Best bets for blocking

Jun 01, 2007, 4:00am

Sunscreens continue to stream onto the shelves, offering a wide variety of options and ingredients. Knowing what's available and how they work is key to keeping patients properly informed.

Key Points

National report - With new stabilizers and a variety of formulations available, it's never been easier for patients to find an effective sunscreen that suits their needs and tastes.

A survey taken at the 65th Annual Meeting of the American Academy of Dermatology (AAD) indicates dermatologists most frequently recommend, in descending order, Neutrogena, Coppertone, Anthelios, Blue Lizard and SolBar sunscreens, says survey sponsor Coolibar, which manufactures sun-protective clothing.

"Generally, the top brands have excellent products," says Lawrence F. Eichenfield, M.D., professor, pediatrics and dermatology, and chief, pediatric and adolescent dermatology, Rady Children's Hospital, San Diego, and University of California, San Diego.

In pediatric dermatology, he says patients have readily accepted both Neutrogena and Aveeno sunscreens with Helioplex (avobenzone, Hallbrite TQ/2,6-diethylhexyl naphthalate, benzophenone; Johnson & Johnson) stabilizing technology, which helps to optimize ultraviolet (UV) A protection.

"Both brands appear to be very popular and offer a broad mixture of ranges of SPF protection," including several in the above-50 category, Dr. Eichenfield says.

Similarly, he says the more recently approved Mexoryl SX (ecamsule, available in Anthelios SX, LaRoche-Posay/L'Oréal), a new, photostable short UVA filter combined with avobenzone stabilizing technology, is "exciting to many of our patients," particularly older teenagers, who can afford its higher price, he adds.

"We know that avobenzone, if it is not photostabilized, photodegrades within 10 to 20 minutes of sun exposure," says Henry W. Lim, M.D., chairman and C.S. Livingood chair, department of dermatology, Henry Ford Hospital, Detroit. With photostabilization, avobenzone probably lasts at least two to three hours, he says.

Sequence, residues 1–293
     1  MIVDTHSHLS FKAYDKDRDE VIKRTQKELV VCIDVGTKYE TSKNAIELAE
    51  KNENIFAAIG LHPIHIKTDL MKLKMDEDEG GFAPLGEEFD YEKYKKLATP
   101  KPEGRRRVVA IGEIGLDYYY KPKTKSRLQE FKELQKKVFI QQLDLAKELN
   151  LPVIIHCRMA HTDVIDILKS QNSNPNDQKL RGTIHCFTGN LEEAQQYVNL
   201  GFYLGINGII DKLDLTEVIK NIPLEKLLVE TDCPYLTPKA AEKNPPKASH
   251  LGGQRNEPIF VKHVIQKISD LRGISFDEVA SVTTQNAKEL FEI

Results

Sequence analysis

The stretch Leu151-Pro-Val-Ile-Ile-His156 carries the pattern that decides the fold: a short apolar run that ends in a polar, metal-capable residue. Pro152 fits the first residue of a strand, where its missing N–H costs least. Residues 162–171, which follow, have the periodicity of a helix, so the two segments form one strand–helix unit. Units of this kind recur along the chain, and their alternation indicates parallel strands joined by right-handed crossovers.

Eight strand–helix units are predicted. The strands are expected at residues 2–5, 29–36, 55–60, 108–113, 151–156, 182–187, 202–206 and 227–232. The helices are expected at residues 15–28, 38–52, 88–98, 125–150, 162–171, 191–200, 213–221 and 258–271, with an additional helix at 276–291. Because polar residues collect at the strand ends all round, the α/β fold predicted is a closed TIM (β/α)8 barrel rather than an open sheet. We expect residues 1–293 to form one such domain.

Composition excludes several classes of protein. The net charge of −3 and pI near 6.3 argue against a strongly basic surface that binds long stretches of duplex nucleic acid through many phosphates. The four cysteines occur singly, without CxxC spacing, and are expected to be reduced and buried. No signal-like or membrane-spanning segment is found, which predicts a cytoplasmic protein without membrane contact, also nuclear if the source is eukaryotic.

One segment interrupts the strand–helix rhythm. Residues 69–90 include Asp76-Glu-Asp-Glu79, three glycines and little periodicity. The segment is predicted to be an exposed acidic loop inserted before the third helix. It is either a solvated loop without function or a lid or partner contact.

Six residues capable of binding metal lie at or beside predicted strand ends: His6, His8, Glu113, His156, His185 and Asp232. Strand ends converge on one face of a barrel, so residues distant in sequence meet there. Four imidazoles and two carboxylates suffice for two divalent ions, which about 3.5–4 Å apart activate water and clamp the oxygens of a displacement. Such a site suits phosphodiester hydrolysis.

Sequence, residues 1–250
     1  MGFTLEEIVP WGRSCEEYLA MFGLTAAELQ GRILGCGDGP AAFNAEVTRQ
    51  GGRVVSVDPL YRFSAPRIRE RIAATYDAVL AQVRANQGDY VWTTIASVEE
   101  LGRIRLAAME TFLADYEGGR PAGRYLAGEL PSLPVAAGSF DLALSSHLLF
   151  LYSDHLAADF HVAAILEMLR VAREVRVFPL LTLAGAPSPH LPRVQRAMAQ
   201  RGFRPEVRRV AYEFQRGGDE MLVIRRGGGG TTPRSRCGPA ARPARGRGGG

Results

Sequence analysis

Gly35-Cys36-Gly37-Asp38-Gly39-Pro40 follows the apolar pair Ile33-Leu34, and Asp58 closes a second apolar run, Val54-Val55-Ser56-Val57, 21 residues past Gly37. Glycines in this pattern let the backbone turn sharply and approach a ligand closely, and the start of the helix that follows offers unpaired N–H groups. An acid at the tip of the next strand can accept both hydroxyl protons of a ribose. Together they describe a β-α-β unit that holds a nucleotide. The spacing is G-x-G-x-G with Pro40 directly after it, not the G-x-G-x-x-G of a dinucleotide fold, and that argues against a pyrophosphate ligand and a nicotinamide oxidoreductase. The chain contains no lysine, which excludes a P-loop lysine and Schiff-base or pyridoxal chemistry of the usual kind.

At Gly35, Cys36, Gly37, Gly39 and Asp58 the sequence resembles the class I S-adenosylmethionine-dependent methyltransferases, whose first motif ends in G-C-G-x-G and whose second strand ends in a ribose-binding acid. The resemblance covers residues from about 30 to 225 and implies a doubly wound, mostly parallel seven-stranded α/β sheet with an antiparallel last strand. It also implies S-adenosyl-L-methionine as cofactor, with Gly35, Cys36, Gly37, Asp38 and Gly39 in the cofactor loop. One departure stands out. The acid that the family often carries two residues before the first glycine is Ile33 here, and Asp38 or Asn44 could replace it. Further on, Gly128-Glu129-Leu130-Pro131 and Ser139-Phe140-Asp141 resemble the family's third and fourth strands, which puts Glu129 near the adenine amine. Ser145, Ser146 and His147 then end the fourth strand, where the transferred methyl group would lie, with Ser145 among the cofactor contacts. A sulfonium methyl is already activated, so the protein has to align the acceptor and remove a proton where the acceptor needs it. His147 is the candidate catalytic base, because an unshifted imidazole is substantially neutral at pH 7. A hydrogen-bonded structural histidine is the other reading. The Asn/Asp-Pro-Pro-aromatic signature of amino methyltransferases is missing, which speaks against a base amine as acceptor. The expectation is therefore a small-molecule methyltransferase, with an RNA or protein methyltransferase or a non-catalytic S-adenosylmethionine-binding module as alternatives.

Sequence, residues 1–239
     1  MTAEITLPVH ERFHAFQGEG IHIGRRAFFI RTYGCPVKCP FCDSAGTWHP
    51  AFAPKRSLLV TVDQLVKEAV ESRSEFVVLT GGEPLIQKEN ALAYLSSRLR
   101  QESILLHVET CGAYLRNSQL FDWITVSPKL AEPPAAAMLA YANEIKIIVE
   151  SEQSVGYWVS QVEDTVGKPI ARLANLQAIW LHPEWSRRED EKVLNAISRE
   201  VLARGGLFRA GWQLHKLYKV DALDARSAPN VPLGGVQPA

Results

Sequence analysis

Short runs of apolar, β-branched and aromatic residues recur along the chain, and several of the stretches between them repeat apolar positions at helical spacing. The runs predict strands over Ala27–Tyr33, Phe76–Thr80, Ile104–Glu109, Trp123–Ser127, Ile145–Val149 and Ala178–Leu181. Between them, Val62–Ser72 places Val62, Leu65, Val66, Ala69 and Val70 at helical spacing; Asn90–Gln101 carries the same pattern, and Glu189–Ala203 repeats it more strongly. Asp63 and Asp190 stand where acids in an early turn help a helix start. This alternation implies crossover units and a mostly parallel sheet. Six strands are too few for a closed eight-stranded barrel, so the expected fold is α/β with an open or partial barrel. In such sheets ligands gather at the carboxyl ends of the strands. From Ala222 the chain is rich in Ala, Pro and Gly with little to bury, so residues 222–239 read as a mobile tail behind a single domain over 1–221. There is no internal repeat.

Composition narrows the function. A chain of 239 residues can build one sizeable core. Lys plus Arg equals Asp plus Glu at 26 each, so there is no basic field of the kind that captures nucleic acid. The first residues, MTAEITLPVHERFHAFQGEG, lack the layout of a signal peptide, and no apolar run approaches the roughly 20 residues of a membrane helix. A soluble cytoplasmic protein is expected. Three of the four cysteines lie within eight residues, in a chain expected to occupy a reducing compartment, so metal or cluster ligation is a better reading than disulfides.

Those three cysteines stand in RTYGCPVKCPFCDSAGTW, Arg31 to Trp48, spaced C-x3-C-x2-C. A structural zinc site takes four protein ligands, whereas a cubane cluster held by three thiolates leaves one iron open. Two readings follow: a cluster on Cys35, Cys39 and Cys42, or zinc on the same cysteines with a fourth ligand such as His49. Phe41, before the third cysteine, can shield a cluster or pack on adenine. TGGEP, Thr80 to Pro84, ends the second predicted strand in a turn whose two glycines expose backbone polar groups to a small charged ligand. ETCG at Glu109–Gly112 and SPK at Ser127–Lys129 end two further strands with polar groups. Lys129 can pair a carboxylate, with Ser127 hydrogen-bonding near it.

What to consider

Nevertheless, Dr. Eichenfield says, rather than recommending specific products, "I counsel patients to make sure they look for products that have both UVA and UVB protection."

Furthermore, he says it's vital to make pediatric and teenage patients understand that "There's a broad set of sunscreen bases and vehicles available," including creams, lotions, sprays and spray-on foams.

"It's our sense that both children and teenagers are very particular," Dr. Eichenfield observes, "but they're inconsistent about what they're particular about. So we advise families to find sunscreens that their kids or teenagers are happy to use."

Dr. Eichenfield says that although he doesn't recommend different products for males versus females, "There may be a difference in their interest and excitement" regarding a liquid spray that rubs on easily versus a thicker ointment.

While a girl might find the latter product greasy, "A guy might think it's fine for the beach or playing water polo."

Conversely, Dr. Lim says daily moisturizing sunscreen products such as Anthelios SX appeal more to women than to men.

Dr. Lim adds that for fairer-skinned individuals who will be spending significant time in the sun, "We recommend SPF 45 to 50 broad-spectrum sunscreens," versus 15 to 30 for dark-skinned patients.

In San Diego, Dr. Eichenfield notes, "We counsel our patients to increase SPF levels as we hit our more extended sun season," as the sun's intensity - and the amount of time patients spend exposed - increase. "We advise patients who are going to have significant exposure to bump up their SPF to at least 25 or 30," he says.

Also a consideration is what Dr. Eichenfield says is a Hollywood-driven trend toward using bronzers or self-tanning sprays.